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Campaign to stop fees for hard copies of bills and official statements -

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MICHAEL BRISSENDEN: Increasingly people are relying on emails and other electronic forms of communication to pay their bills and receive official statements.

Many companies now charge fees if people want these documents sent to them in hard copy.

It's far from ideal for the mostly poor and elderly who make up the large percentage of Australians who don't have access to the internet.

So a number of community groups have now banded together to support a campaign to get corporations to drop these fees.

Michael Edwards reports.

MICHAEL EDWARDS: It's common to find younger Australians who use the internet to conduct their personal business, be it checking their bank accounts or paying bills.

Twenty-year-old Mitchell tells me does almost everything online.

MITCHELL: I think it's more easy to keep organised. Rather than keeping all the files, you just have it all on a document, in document form, and just in folders in your computer hard drive.

MICHAEL EDWARDS: What sort of statements, what sort of things do you get?

MITCHELL: Banks statements, you know, phone bills, stuff like that.

MICHAEL EDWARDS: Twenty-two-year-old Andy is the same.

How do you get all of your bank statements and your phone bills and everything like that?

ANDY: By email. Just they send as email to my email box and I check it.

MICHAEL EDWARDS: Do you get sent letters as well, or do you need a bill or a piece of paper?

ANDY: I have got, I think I have got some letters from the bank, but actually I didn't, but actually I didn't see it. I just left them in the box, because I hope I just check the email, so I think letter is useless.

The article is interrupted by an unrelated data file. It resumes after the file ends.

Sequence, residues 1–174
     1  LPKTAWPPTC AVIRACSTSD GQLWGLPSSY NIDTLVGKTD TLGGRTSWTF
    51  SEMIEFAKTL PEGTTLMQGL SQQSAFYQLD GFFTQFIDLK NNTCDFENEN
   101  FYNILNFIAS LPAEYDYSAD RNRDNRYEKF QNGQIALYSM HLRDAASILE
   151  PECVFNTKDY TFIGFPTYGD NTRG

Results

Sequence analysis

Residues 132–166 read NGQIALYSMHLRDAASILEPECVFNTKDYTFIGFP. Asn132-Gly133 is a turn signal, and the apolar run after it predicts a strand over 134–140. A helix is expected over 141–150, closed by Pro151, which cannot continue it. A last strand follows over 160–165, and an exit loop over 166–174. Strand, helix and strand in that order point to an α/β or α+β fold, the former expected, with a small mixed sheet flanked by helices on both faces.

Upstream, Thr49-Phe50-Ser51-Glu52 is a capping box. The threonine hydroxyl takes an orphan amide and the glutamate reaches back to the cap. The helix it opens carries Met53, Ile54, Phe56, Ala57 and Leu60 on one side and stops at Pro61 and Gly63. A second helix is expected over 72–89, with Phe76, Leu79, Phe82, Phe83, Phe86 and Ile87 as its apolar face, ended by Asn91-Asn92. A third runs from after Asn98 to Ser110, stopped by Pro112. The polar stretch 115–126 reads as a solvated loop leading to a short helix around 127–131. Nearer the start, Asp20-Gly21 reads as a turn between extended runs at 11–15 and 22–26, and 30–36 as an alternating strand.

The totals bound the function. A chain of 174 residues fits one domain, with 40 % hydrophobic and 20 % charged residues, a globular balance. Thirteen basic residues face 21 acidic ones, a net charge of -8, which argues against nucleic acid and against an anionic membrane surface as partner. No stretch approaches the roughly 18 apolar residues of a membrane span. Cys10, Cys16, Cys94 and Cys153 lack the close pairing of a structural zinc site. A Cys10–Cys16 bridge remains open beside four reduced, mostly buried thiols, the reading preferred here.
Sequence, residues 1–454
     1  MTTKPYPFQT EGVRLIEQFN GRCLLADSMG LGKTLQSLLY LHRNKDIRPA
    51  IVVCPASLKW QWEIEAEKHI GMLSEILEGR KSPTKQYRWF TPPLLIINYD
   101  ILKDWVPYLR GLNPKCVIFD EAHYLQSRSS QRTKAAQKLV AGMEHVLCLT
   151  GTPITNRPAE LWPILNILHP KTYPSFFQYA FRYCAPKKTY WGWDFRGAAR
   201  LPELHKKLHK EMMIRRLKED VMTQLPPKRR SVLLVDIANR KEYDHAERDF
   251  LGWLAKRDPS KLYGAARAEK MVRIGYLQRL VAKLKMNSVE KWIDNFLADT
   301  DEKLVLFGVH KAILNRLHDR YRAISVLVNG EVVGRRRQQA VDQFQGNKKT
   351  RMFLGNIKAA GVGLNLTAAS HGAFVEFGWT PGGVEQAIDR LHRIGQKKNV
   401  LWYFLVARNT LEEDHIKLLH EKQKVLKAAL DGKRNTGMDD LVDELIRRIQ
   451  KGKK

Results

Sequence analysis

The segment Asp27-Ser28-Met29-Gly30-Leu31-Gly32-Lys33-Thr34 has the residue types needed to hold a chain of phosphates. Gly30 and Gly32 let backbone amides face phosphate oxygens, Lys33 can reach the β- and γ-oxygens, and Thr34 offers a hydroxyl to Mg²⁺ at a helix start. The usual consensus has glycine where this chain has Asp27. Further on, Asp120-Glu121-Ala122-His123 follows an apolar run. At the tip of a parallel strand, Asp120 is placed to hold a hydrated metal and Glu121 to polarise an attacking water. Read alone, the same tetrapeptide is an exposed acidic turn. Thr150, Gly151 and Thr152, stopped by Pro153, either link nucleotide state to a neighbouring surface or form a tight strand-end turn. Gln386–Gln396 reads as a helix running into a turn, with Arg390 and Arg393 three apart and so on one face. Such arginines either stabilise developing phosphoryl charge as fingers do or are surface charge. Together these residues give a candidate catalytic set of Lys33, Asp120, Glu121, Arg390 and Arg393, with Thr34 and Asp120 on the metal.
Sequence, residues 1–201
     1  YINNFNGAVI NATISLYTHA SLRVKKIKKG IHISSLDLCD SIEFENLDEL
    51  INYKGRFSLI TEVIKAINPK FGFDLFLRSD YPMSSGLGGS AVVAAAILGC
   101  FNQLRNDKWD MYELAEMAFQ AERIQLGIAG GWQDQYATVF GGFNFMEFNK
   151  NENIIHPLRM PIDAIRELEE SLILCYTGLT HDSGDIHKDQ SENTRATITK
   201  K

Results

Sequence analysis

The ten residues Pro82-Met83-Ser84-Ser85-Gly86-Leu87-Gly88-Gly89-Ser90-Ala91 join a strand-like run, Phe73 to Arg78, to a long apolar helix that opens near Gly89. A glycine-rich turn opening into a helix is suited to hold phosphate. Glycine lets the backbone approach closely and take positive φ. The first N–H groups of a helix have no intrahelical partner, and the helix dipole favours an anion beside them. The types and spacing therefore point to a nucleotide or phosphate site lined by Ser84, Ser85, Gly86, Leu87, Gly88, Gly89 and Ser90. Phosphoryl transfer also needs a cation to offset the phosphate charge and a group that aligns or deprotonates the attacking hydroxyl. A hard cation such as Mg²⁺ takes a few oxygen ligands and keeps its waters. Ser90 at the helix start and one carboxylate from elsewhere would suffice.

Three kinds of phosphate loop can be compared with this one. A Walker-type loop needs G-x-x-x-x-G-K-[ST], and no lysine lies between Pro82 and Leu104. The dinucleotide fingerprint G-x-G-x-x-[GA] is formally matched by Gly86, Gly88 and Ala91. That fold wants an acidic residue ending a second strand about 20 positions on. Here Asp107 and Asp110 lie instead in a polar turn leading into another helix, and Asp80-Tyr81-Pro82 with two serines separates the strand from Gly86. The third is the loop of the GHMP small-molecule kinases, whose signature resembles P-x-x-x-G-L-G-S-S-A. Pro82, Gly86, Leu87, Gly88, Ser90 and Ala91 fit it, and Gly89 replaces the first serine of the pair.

MICHAEL EDWARDS: But it's not so easy for the millions of Australians who don't have access the internet.

KELLIE NORTHWOOD: To an affordability perspective, we have the World Economic Forum scores Australia's ICT capability as the lowest scoring country in the category of affordability for internet access.

MICHAEL EDWARDS: That's Kellie Northwood who is heading the Keep Me Posted campaign.

KELLIE NORTHWOOD: We also have 57 per cent of households in Australia with an income less than $40,000 don't have internet in their homes.

MICHAEL EDWARDS: And she explains that those with the lowest rates of internet access are the poor, the elderly and Indigenous people.

These people need hard copies of bills and other official statements to keep track of their business and they're increasingly being forced to pay for them.

KELLIE NORTHWOOD: We've seen some companies come out with $1.25, $1,75, $2.50, $3.20. It's is getting up into the top end.

MICHAEL EDWARDS: And getting rid of these fees is why the Keep Me Posted campaign has been set up. Launching at Parliament House in Canberra today, Keep Me Posted wants corporations to reconsider charging for hard copies of their documents.

Kellie Northwood says the fees target society's vulnerable and they're just not fair.

KELLIE NORTHWOOD: It's just irresponsible. So we need to sort of call on companies, the big end of town, to put consumers first in this regard.

MICHAEL EDWARDS: The Keep Me Posted campaign has the backing of aged care groups, unions and politicians, including the independent Senator Nick Xenophon.

NICK XENOPHON: I mean the fact that there are four million Australians who live in households without internet access is a big issue.

Why should these people, particularly senior citizens, be impacted in this way? It really does seem to be quite discriminatory and counterproductive.

MICHAEL EDWARDS: The Keep Me Posted campaign says similar efforts in countries including Canada, Germany and France have resulted in law changes which protect consumers from charges for billing or statement information.

MICHAEL BRISSENDEN: Michael Edwards with that report.